The media analysts call it “dual screening”, which basically means watching television with a laptop or tablet on your knee or the coffee table. But could you be doing something more productive than browsing the internet or refreshing Facebook and Twitter?
Growing numbers of Brits are using the internet to enter every competition they can find. Because they enter so many, they’re more likely to occasionally win the odd thing – from iPads and exotic holidays to a free dog wash.
Some competition addicts keep their spoils, some sell them, some give them to family and friends. And some, of course, never win a thing.
For the last three nights, I’ve been earnestly entering everything I can – here’s what I’ve learnt and how I did…
How to be a “comper”
Perhaps the first thing I discovered is that no one is giving anything away absolutely free. Most competition providers want information, such as your email address or other contact information so that they can market to you. They also ask for your time and opinions.
Occasionally, they simply want to draw attention to their product or service and are using a competition with a prize because it’s cheaper than advertising.
Some people also answer paid surveys in order to be entered into a prize draw. I decided to stick to straightforward competitions and spent around an hour a night searching and entering.
Seven golden rules for safe surveying
Before starting to enter online competitions, it makes sense to stick to a few rules to keep you safe and on track. Here’s I’ve found to be most important:
1. Use a dedicated email account
I set up a separate email account for my new hobby and, after just three evenings of filling in forms, I’m glad I did. My inbox is already receiving about 15 junky emails a day and that’s bound to rise if I carry on.
2. Keep track of what you enter
There are so many competitions out there and after a short time they all start looking the same. I decided to keep a spreadsheet of which competitions I’d already entered, so that I didn’t waste time or risk disqualification by re-entering the same competitions.
3. Create a draft email
Most competitions want the same information – your name, email address and a contact number. Rather than waste time re-typing these endlessly, I created an email template that already had the information. That saved me a little time, giving me longer to look for other competitions.
4. Join a community
Even though a higher number of entrants makes it less likely any one person will win, “compers” are a surprisingly sociable bunch. There are hundreds of online communities where people share stories of their wins and swap information on new competitions. For a newbie, these forums are goldmines of tips and information.
5. Check your spam folder regularly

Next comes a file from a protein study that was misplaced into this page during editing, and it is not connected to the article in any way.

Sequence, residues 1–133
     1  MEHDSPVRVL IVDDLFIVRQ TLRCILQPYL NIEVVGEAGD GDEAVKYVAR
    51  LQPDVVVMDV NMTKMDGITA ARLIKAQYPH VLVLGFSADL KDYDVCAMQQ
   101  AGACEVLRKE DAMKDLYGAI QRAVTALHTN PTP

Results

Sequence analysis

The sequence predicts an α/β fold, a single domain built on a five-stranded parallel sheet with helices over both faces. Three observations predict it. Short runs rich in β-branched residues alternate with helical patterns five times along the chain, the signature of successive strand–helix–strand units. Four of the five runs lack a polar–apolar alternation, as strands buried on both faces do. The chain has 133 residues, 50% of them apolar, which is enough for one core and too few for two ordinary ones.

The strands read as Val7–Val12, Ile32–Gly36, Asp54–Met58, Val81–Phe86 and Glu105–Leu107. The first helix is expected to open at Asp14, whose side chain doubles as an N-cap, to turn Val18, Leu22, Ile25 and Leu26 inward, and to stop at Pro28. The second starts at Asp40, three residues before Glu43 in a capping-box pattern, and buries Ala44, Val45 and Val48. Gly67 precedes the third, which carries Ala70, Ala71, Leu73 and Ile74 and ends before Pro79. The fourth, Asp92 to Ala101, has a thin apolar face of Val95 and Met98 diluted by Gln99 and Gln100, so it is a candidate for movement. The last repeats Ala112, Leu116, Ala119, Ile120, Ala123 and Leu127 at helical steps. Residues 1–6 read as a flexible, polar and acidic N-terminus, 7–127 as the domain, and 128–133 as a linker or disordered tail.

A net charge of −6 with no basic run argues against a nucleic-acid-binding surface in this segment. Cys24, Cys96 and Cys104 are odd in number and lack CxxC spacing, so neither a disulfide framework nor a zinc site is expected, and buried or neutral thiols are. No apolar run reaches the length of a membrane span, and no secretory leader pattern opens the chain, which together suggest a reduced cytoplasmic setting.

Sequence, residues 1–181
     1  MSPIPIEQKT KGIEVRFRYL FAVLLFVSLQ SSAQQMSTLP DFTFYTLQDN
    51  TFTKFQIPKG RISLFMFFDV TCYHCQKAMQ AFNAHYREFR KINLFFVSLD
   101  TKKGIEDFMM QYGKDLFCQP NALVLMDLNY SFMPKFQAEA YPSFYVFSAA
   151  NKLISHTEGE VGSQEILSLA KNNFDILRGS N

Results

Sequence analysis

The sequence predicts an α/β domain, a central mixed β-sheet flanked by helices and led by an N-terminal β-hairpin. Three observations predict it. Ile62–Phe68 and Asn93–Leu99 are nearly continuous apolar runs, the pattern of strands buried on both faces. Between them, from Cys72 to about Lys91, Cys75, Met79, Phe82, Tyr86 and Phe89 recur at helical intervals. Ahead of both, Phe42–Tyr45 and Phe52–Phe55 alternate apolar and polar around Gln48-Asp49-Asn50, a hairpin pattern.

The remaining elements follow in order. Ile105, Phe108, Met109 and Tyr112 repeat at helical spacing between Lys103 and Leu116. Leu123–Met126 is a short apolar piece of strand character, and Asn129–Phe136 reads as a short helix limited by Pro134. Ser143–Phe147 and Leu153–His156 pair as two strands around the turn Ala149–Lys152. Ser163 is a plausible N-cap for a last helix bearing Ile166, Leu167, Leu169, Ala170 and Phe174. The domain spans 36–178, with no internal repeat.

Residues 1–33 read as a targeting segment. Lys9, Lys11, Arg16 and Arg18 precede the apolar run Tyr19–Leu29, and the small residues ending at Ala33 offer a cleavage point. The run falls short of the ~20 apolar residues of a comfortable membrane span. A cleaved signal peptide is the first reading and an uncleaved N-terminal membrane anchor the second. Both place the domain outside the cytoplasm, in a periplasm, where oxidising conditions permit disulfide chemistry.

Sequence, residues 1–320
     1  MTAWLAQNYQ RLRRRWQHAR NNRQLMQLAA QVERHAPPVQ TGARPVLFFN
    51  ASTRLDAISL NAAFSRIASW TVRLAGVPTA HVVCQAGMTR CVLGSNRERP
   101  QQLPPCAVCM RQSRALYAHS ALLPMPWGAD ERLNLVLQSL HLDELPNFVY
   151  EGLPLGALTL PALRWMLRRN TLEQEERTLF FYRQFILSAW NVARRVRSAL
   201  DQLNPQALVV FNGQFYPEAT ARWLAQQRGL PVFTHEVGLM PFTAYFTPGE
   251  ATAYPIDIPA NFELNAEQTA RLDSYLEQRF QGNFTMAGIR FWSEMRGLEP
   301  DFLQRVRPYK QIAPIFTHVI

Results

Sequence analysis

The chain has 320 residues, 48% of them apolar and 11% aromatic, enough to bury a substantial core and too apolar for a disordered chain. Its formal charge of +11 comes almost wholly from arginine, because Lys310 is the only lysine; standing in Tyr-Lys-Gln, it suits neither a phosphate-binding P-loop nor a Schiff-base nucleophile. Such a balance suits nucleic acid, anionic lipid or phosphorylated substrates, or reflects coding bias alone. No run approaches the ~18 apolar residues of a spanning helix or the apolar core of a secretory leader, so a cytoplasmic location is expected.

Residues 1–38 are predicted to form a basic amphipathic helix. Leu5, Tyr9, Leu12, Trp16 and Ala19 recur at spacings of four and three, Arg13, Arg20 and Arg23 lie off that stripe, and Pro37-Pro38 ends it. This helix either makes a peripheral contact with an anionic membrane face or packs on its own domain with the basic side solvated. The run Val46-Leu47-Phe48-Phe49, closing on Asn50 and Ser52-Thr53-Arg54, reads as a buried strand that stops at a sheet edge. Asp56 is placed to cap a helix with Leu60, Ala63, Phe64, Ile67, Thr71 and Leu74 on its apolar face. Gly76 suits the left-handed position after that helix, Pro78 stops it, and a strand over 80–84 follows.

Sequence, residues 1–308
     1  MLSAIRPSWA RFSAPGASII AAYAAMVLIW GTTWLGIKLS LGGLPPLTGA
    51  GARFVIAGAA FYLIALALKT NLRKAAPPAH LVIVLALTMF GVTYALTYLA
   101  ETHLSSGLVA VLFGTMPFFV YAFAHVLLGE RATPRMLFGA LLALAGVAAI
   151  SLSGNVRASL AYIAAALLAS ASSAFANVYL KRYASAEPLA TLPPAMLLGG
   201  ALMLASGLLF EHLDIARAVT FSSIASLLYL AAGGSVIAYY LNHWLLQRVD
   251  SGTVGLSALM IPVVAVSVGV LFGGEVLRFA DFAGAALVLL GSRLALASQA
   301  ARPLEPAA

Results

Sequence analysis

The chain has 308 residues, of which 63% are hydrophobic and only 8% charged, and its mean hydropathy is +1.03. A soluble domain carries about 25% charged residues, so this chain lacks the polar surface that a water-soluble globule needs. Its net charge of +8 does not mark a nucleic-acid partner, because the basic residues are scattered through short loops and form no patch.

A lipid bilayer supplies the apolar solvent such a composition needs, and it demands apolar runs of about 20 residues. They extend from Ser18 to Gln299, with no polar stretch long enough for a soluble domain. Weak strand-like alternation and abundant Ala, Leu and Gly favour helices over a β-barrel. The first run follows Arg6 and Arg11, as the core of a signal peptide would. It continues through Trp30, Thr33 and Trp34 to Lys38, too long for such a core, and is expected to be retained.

Because so many spam and phishing emails include words like ‘congratulations’ (ie “Congratulations, beloved, you’ve won the Nigerian lottery”), many email accounts filter similar messages straight into your spam folder. Check yours regularly and update your address book with the details of any websites you regularly enter competitions through.
6. Opt out
When you fill out any online competition forms, you’ll almost always be invited to sign up to a newsletter or mailing list. Sometimes that’s the price of entering the competition, but often you can opt out. Always opt out – it will help you keep some control of your new inbox.
7. Be careful
As with everything in life, if the deal looks too good to be true then it probably is. Check that a company is legit before you enter its competition; you don’t want to walk into the net of a phishing attack. Run an internet search if you’re unsure and see what other competition regulars have to say.
Where to find your competitions
Finding competitions isn’t as easy as I thought; internet searches don’t help you find the best contests to enter.
I found that competition communities were the best resources. In particular, the comping forum on MoneySavingExpert and Loquax seem like good resources, although you have to use your own judgement about the competitions listed there.
Finally, the website Frugal.org.uk also has a good list of competitions, although most are paid surveys and other market research opportunities.
What did I win?
In the three days that I’ve been entering competitions, I have won nothing so far. But this doesn’t cast me down into despair.
Regular competition users don’t expect a steady stream of prizes, they’re just holding out for the ones that are really worthwhile. It’s a bit like entering the lottery, but without the cost.
Carry on comping?
So, having spent just a few evenings furiously filling in forms, am I likely to continue?
I think probably not. I went into this thinking it was going to be an easy way to potentially earn some rewards and even make some money. But it turns out finding competitions and filling in forms is quite hard.
There are a lot of sites to keep track of and the very best competitions with the top prizes want a bit too much information. I get the feeling that if I continued entering competitions at this rate I’d soon be swallowed by an avalanche of junk mail.
But I might be a bit more willing to enter the odd competition – you have to be in it to win it, after all.
Are you a competition addict? Have you won anything good? Share your stories and tips with other readers using the comments below.